A hemangiosarcoma is a tumor of the blood vessels. Hemangiosarcomas occur in the skin, on the heart and in the abdominal organs. They are aggressive, malignant tumors that quickly spread to other organs. Anemia is the most common phenomenon. Hemangiosarcomas are regularly seen in dogs. They are rare in cats.
Hemangiosarcoma in the skin
A hemangiosarcoma in the skin looks like purple or black nodule. The hairless skin of the abdomen or the foreskin are places where they occur most often. The tumors are painless and the dog is not sick of it. Yet it is a serious, life-threatening condition. The tumor sows rapidly to other parts of the body and must therefore be removed surgically as soon as possible, possibly followed by chemotherapy. The hemangiosarcoma in the skin is one of the examples of innocent-looking nodules that must be treated quickly and appropriately. Here, ‘wait and see’ is not a good strategy!
Hemangiosarcoma in the spleen
More often hemangiosarcomas occur in the abdomen. In principle, they can occur in all abdominal organs, but the most common site is the spleen. The hemangiosarcoma of the spleen is a tumor that is regularly seen in large dogs from middle to older age. With certain breeds we see this tumor more often than with others. These include German Shepherd, Golden Retriever, Bernese Mountain Dog and Flatcoated Retriever. At first there are no symptoms at all. The tumor causes no pain and the dog does not feel sick. The tumor grows slowly and nothing indicates that the dog suffers a life-threatening illness. Disease symptoms usually only occur when the tumor starts to bleed. Slowness, reduced stamina, lack of appetite and pale mucous membranes are caused by the resulting anemia. If the tumor ruptures, the bleeding can be so intense that the animal will become shocked within a few hours.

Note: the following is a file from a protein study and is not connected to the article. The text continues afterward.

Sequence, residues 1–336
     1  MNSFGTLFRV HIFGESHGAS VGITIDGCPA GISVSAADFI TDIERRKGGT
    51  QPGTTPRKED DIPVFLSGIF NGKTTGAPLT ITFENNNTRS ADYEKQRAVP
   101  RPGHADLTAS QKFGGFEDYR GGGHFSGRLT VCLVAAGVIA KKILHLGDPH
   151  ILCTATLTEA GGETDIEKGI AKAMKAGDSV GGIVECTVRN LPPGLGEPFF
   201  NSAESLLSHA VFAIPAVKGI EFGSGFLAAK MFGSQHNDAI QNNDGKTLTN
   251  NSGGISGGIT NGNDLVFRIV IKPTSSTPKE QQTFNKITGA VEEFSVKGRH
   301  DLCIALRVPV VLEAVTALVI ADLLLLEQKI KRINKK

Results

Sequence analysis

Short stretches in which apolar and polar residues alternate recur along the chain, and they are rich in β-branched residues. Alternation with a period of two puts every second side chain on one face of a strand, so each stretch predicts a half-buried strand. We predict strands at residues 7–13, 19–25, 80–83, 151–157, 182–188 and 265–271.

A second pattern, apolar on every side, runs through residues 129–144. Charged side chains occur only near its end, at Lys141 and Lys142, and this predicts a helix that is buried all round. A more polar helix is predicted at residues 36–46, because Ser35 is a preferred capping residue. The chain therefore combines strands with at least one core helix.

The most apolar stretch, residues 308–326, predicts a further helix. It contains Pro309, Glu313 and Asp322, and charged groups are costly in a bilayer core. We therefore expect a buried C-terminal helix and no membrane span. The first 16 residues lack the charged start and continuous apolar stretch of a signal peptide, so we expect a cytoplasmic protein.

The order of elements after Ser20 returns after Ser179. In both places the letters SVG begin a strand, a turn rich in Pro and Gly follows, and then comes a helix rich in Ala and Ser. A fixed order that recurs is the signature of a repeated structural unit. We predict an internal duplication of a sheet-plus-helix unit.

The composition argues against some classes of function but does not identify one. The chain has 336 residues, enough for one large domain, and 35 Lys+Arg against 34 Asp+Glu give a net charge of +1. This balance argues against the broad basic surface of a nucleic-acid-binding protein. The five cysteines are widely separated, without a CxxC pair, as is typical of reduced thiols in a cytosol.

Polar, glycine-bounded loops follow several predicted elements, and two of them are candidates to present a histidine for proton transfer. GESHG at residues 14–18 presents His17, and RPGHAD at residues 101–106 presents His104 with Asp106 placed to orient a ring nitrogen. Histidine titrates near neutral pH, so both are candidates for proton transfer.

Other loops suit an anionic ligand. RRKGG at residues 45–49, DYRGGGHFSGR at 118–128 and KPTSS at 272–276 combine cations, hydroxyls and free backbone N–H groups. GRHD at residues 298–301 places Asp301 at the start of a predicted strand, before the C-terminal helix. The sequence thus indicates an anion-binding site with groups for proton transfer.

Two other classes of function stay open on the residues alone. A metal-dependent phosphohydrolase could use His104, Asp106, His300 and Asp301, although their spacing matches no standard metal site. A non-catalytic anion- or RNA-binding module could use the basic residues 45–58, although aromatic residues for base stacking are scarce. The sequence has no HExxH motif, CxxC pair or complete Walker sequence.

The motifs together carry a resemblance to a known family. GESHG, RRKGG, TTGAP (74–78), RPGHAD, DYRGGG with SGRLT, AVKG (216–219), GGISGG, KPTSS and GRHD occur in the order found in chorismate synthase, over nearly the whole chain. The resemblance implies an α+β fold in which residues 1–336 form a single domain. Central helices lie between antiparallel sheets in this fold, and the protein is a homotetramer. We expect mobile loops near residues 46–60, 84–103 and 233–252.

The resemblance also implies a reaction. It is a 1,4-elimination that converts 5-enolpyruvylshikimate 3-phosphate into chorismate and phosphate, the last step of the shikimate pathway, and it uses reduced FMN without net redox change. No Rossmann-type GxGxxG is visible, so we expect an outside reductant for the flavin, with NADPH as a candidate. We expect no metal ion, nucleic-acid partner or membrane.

Treatment consists of the surgical removal of the spleen containing the tumor. If the blood loss is severe, the dog will first be stabilized with a blood transfusion. Most dogs quickly recover after the operation. However, the outlook is bleak. Due to the long absence of symptoms, the diagnosis is often made at a late stage. And because a hemangiosarcoma is an aggressive, malignant tumor, there are often metastases at the time of treatment. These metastases will also bleed after a while, and then treatment is no longer possible. Dogs with a bleeding miltumor removed on average live for another month or three.
It is possible to start treatment with chemotherapy. This is usually well tolerated and barely causes side effects. The expected lifespan is thus extended to an average of about 6 months. A single dog lives for another year.
The purpose of this article is to give background information about a certain condition. It does not replace the advice of a veterinarian and it is certainly not the intention that you yourself will make the diagnosis. Always consult a veterinarian if you have doubts about the health of your dog or cat.